The number of days per week participants engaged in aerobic and resistance exercise was collected at each timepoint. Aerobic exercise was dichotomised into less than three and three or more times per week, and resistance exercise was dichotomised into less than two, and two or more times per week.
Participants were asked to rate their willingness to include planned exercise in the management of their diabetes, and their confidence to exercise using a 5-point LIKERT scale. At the 12-month timepoint, 5-point LIKERT scales were used to record whether participants consumed more vegetables; less unhealthy food; and included more incidental activity in their daily lives. These questions were constructed by Diabetes NSW and ACT specifically for the purpose of evaluating the initiative, and as such, are not validated tools (Supplementary Material). This study was approved by the Macquarie University Human Ethics Committee, protocol number 5201950887424.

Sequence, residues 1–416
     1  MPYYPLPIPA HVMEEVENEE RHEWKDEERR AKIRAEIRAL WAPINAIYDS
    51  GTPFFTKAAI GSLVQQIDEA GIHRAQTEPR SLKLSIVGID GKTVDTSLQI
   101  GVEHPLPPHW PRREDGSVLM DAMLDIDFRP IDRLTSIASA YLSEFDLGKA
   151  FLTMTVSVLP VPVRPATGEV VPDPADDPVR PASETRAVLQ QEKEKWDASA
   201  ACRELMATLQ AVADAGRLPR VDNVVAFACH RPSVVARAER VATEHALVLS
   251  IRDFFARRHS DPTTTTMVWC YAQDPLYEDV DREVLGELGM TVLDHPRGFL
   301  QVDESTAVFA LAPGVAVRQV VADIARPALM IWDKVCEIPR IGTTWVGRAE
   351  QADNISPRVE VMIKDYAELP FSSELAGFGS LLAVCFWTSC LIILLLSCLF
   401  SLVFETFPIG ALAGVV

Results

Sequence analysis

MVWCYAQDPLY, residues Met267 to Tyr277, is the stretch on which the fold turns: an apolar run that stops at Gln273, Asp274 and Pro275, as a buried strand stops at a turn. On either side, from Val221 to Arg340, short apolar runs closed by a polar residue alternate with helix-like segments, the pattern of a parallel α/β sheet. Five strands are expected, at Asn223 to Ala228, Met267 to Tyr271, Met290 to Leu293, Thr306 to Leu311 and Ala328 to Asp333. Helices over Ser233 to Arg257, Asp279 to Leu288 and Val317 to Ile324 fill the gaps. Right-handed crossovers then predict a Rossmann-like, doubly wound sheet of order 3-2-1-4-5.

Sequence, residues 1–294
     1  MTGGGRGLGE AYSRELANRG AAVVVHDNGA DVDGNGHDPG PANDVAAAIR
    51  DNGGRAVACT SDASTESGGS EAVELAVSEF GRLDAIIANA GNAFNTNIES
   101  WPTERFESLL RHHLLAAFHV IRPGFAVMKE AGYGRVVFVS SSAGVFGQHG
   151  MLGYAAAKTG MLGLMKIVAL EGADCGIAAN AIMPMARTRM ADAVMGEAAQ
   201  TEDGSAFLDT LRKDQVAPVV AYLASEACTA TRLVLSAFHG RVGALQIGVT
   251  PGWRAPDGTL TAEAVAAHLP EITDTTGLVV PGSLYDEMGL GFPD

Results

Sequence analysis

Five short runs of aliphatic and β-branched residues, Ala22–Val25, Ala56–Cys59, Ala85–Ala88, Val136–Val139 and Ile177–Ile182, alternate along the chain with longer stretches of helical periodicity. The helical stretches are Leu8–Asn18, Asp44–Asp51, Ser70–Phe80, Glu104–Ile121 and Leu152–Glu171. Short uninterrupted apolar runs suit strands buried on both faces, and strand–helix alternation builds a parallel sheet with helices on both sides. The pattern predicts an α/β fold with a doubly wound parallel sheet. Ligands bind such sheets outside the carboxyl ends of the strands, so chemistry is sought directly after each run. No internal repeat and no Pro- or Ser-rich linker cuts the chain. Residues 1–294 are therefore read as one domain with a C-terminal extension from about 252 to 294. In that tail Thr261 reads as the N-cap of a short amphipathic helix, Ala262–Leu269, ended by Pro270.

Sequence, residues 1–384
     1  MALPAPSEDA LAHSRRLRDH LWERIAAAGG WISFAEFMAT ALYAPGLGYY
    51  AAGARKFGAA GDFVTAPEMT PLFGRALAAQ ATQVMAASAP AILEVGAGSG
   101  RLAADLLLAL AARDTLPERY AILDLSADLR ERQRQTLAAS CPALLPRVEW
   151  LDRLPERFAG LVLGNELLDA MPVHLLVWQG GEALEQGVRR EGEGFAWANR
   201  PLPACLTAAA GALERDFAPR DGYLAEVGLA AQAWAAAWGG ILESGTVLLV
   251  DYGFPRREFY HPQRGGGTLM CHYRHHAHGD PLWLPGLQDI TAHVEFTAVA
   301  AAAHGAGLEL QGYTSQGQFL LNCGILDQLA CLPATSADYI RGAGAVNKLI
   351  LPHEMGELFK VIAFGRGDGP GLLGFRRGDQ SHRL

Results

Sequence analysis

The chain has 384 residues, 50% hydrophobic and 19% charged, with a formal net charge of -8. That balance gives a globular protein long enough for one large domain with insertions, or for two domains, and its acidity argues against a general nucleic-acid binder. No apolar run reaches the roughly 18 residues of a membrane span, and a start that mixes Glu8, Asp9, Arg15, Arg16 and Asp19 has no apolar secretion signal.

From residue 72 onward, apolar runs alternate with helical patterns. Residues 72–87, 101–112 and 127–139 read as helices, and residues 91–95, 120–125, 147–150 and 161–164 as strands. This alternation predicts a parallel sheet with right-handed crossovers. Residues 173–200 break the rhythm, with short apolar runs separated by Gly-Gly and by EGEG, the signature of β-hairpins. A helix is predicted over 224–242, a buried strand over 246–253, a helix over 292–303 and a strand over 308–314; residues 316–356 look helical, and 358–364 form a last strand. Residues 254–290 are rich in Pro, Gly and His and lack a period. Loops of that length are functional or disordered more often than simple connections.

Data analysis was performed using SPSS version 27 (SPSS Inc, Chicago, IL, USA). Mean and standard deviations (SD) were calculated for continuous variables. Frequencies and percentages were calculated for categorical variables, excluding participants with missing data for that variable.

3. Results

A total of 43 people were included in the study. They attended the program at eight different locations across urban and regional New South Wales (NSW), were aged 60 years and over, had a diagnosis of T2DM, and had participated in Beat It. Of this cohort, 31 (72.1%) were female, age ranged from 61 to 81 years with a mean age 69.0 ± 4.2 years, 52.6% were born overseas, and 94.3% spoke English at home. Over one-third (37.2%) of participants were from lower socio-economic regions, and 58.1% resided within a major city, with the remainder residing in inner regional towns.